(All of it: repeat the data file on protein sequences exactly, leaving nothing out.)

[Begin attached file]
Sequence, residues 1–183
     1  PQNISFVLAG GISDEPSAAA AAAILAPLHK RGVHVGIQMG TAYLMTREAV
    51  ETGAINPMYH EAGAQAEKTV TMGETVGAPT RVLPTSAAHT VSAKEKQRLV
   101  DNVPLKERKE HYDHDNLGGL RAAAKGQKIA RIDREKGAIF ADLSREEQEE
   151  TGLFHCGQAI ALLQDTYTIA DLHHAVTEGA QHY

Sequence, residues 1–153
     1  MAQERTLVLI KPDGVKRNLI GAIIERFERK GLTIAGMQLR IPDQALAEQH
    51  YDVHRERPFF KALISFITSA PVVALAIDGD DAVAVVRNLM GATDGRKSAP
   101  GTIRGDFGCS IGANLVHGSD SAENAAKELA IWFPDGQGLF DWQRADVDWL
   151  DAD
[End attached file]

Sequence, residues 1–183
     1  PQNISFVLAG GISDEPSAAA AAAILAPLHK RGVHVGIQMG TAYLMTREAV
    51  ETGAINPMYH EAGAQAEKTV TMGETVGAPT RVLPTSAAHT VSAKEKQRLV
   101  DNVPLKERKE HYDHDNLGGL RAAAKGQKIA RIDREKGAIF ADLSREEQEE
   151  TGLFHCGQAI ALLQDTYTIA DLHHAVTEGA QHY

Sequence, residues 1–153
     1  MAQERTLVLI KPDGVKRNLI GAIIERFERK GLTIAGMQLR IPDQALAEQH
    51  YDVHRERPFF KALISFITSA PVVALAIDGD DAVAVVRNLM GATDGRKSAP
   101  GTIRGDFGCS IGANLVHGSD SAENAAKELA IWFPDGQGLF DWQRADVDWL
   151  DAD